I don’t know of anyone who enjoys going to the dentist. It’s right up there with sucking a gorilla’s nose until its head implodes, sliding down a fifty foot razor into a bucket of vinegar, or running five miles on bare feet through a field of sharpened bamboo shoots. And then people would choose going to the dentist. It is simply a reviled and anxiety-provoking activity.
I had the dubious honor of fulfilling a dentist appointment today. All the way to the torture chamber, I mean, dental office, I kept telling myself that I had nothing to worry about. These were professionals, after all, and would never do anything to intentionally cause me pain and anguish. What I didn’t figure on was that dentists are professional psychopaths! Not only do they relish in causing pain and anguish, but they even charge you for it.
I walked into the office and was immediately taken back to the Pit of Doom, I mean, procedure room. I was made to recline on a leather chair that was hooked up to all sorts of scary implements of torture. A mind-control device, cleverly disguised as a light, hung over my head. The dental assistant puttered around, arranging needles, drills, and various other pointy objects on stainless steel trays presumably for the convenience of the inquisitor, I mean, dentist.
Finally, the dentist walked in and calmly explained that she would be taking a thin piece of sharpened metal and by inserting into the tender flesh of my mouth and gums, would inject a mysterious substance that would cause me to lose feeling on the left side of my face and might rob me of the ability to speak clearly.
“So basically you’re causing me to have a stroke.”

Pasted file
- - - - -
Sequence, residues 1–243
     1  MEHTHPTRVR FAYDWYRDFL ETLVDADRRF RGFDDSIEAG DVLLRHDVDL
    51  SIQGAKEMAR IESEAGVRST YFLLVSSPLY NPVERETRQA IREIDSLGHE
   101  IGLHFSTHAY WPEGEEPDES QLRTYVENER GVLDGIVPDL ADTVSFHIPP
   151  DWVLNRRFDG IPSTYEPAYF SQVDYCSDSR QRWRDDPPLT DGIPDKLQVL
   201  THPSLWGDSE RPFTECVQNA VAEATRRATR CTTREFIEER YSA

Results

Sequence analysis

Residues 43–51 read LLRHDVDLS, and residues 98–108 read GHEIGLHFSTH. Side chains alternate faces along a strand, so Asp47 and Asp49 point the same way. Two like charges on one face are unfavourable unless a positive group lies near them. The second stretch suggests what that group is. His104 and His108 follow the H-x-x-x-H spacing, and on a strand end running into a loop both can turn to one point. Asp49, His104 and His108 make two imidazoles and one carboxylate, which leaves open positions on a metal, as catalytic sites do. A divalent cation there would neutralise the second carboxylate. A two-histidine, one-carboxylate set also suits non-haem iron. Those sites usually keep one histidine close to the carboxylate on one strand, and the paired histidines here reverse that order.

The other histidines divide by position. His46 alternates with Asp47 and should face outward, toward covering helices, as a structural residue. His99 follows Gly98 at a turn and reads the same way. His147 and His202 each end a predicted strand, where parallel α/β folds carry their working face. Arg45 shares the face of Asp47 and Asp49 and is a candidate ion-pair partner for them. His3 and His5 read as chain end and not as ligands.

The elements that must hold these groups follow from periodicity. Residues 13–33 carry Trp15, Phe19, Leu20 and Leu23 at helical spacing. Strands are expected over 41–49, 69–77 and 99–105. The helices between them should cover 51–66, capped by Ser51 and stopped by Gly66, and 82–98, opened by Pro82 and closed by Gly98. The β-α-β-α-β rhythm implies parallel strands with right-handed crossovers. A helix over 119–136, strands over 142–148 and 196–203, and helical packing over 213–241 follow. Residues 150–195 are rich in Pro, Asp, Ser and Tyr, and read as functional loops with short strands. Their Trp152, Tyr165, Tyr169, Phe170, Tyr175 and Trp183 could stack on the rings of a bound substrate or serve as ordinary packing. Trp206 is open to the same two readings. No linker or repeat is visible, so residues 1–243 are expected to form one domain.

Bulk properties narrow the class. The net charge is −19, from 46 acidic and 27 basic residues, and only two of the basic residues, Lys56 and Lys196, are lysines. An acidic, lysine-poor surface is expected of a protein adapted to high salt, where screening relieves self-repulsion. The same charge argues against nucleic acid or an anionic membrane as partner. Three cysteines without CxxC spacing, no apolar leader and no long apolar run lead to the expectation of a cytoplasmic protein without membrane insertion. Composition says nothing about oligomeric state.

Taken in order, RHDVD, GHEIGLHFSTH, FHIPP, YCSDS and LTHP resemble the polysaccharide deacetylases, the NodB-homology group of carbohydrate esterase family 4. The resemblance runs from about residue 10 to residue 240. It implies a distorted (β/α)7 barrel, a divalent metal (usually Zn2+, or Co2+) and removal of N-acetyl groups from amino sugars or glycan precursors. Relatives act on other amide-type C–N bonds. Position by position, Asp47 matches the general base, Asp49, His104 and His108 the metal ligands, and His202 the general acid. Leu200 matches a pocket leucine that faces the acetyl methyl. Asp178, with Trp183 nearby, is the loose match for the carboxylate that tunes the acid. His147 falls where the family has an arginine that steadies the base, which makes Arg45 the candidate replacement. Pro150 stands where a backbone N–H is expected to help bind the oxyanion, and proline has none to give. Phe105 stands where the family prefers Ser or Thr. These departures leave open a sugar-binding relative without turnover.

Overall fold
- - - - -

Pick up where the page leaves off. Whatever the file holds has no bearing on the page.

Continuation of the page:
“No…I’m numbing you so you don’t feel the pain when I use my drills and metal picks to grind your tooth down to the nub.” She looked at me curiously. “Are you all right? You seem a little nervous.”
“I’m fine,” I said, casually discarding the arm of the dental chair that had somehow come off in my hand.
“Fine, then we’ll get started,” she said. “Open up as wide as you can.”
Afraid she might ask me to pay for the chair, I complied and even managed not to scream as a needle the size of a railroad spike pierced my mouth. The process was repeated five times and by the time it was over, I was a trembling wreck. The dentist seemed a little worse for wear, as well, and kept putting her finger in her ear and wiggling it around.
“Wax?” I asked, trying to be polite.
“What? Oh, no. It’s just that all your screaming made me kind of deaf. Are you sure you’re not nervous?”
My mouth had started to feel kind of funny and I noticed I was having trouble speaking. “No, I…I’m noth nervuth,” I said. “Why would you think I wuth nervuth?”
“Oh, I don’t know,” she said. “Maybe it’s the layer of cold sweat you’ve managed to spread all over the room. You’ve completely ruined the chair.”
Suffice it to say, they finally had to just put me out entirely in order to perform the operation and when I came to, I was pleased to discover I had a brand new tooth. And a healthy respect for dentists…they leave me alone, I leave them alone. It’s a deal we have.